You might check up on each other once a day or once a week to ask about your progress. If you commit to completing a project, you'll be more likely to finish it if you let your ability partner know.
9. Take an Online Course
This article would not be complete without the suggestion of taking an online course. Just as you teach your knowledge and your online courses, membership sites, and other digital products, other people excel at teaching people how to write.
Even a brief online course can provide you with a solid foundation in spelling, grammar, and punctuation. Plus, you can get feedback on their writing from the instructor and learn along with other professionals like yourself who want to develop their writing skills.
10. Keep a File of Writing You Love
When you come across a piece of writing that you particularly love, consider saving it to a folder on your computer or in a paper file. Consider this your swipe file. The place to go for inspiration when the dreaded writer's block strikes.
It will also teach you what you like and don't like when it comes to the written word. You might discover that certain styles and voices appeal to you more, and you can use that knowledge to improve your own writing.
11. Imitate Writers Whose Work You Enjoy
Along those same lines, don't be afraid to imitate people whose writing you love. You don't want to copy their actual words, of course, but you can adopt a similar tone and voice that you imbue with your own unique qualities.
Imitation equals flattery, right? When you imitate another writer, you start to figure out what works for you and what doesn't. Just remember that you need to keep a consistent voice so that your audience knows what to expect from you each time they visit your site.
12. Outline Everything Before You Write
There is a certain romantic notion about sitting down and another typewriter and pounding out words as they come into your head. For some writers, it does work like that – though, perhaps with a computer instead of the typewriter.
For the rest of us, we need some structure if we want to produce the best possible copy. An outline tells you exactly where you're going to go with your copy, which makes the entire process easier to complete.
You can get as detailed as you want with your outlines. Just make sure that you have your headline and subheadings before you begin to write the actual body copy.
13. Take Several Passes for Editing and Proofreading
Some professional writers insist that writing is nothing more than rewriting. In other words, they get their best copy during the editing and proofreading stages.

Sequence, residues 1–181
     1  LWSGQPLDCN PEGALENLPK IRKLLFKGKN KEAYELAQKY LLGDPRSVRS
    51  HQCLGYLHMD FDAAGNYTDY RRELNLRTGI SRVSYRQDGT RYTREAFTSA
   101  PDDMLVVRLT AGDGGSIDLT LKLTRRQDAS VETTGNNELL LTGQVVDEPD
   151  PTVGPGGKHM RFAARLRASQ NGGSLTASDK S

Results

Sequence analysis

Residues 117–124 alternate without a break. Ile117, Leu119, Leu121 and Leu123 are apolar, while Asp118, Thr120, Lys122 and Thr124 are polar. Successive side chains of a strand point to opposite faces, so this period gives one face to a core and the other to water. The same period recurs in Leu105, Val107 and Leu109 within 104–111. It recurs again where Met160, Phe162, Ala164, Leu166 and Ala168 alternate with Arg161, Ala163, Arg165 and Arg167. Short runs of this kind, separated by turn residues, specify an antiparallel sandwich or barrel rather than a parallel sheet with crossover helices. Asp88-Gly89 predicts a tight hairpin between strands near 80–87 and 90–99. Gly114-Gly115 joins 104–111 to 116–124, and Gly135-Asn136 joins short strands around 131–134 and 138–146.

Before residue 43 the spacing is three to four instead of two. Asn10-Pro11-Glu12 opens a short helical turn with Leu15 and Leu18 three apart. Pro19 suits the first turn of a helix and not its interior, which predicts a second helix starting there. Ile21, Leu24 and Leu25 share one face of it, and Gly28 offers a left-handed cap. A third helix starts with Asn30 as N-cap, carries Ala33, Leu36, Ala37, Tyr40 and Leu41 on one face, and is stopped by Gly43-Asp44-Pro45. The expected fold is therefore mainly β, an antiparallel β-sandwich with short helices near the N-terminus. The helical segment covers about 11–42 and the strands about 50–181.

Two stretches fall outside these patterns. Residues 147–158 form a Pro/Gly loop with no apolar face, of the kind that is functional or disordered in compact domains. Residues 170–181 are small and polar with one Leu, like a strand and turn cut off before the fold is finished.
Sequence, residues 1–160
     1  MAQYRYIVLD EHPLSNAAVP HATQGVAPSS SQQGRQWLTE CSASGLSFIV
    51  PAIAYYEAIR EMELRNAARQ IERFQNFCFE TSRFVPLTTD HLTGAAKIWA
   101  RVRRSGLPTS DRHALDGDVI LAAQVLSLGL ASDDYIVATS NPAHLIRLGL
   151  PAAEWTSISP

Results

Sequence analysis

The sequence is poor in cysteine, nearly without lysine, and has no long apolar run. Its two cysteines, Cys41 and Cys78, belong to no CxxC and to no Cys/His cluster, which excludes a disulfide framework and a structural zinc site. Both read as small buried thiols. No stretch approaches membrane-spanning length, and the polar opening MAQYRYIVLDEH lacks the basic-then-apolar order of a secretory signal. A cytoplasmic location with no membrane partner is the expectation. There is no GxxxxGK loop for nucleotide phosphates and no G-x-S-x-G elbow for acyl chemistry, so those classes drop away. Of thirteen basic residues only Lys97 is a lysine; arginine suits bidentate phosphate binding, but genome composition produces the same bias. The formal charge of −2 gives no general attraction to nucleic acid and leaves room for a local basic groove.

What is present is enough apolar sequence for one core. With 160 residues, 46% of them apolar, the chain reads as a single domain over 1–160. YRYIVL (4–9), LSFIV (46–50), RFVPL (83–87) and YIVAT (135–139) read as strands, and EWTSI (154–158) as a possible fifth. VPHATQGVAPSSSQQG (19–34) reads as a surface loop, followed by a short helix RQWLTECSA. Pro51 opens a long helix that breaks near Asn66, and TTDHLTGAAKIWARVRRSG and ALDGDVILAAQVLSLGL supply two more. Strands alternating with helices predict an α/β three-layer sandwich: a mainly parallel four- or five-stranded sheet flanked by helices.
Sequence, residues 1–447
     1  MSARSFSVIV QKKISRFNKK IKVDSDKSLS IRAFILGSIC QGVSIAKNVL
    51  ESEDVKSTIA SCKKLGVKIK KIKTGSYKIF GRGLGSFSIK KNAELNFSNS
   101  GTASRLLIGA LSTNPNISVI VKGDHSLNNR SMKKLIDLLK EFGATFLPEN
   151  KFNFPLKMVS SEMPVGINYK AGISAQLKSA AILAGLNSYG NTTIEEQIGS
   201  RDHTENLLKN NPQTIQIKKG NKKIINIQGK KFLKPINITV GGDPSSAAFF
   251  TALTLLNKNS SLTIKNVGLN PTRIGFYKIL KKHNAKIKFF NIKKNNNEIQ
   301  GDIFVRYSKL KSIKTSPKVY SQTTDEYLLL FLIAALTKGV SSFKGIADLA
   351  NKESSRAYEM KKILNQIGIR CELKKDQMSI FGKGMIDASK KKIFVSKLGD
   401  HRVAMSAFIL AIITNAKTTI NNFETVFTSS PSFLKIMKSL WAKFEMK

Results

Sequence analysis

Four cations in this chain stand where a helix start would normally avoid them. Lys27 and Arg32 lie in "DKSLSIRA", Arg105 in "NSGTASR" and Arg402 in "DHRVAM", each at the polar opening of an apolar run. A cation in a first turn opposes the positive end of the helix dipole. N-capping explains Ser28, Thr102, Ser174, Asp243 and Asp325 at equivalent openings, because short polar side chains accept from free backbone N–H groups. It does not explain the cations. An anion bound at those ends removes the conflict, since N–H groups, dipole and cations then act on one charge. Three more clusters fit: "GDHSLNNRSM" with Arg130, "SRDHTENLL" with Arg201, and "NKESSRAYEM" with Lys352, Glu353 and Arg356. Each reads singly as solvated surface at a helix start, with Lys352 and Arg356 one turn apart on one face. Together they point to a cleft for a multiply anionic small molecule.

Even if you believe that you have written a beautiful piece of content, don't skip editing and proofreading. Proofreading involves looking for small errors like spelling mistakes and duplicate words, while editing takes a more substantive approach and checks for flow, syntax, fact accuracy, and sentence structure.
Consider taking at least two passes over the content for both proofreading and editing. You'll be surprised by what you miss during the first time through.
14. Search for and Destroy any Fluff or Filler
Fluff and filler are antithetical to good writing. They muddle your message and distract the reader from your primary points.
For instance, beginner writers often start sentences with phrases like, "In order to…" They can cut three words down to one by starting the sentence with "To…"
You don't need many adjectives in a piece of writing to make it shine. Only use adjectives when they help to create a more holistic picture in the readers' minds.
You'll also learn which words you tend to overuse so you can search them out in your copy and replace them with alternatives.
15. Remember That Everyone Writes Terrible First Drafts
The best writing, as we mentioned above, often occurs during rewriting. Most people write terrible first draft. That's okay. Remember that you can refine your prose during the editing process.
Don't get frustrated or demotivated by a poor first draft. Instead, remember that even professional writers often produce bad copy during the first round. Dedicate yourself to improving your copy during the editing process instead of starting over in frustration.
16. Work With a Considerate Editor
A kind, courteous editor can be a writer's best friend. He or she will not only make your writing better, but will provide constructive feedback to help you improve on future attempts.
Maybe you're lucky enough to have an editor in your family or circle of friends. If not, you can find a freelance editor to review your work before you push it live. Yes, it will cost some money, but you'll thank yourself for making your prose as clean as possible before your audience sees it.
17. Understand Story Structure
Nearly all writing include some type of story. It could be a hypothetical story that you tell your customers to help them understand your product's benefits or it can be a personal anecdote that you share to illustrate a concept.
Whatever the case, and understanding of basic story structure can help your writing improve. For instance, all stories have conflict. If there is no conflict, there is no tension and no reason to read on.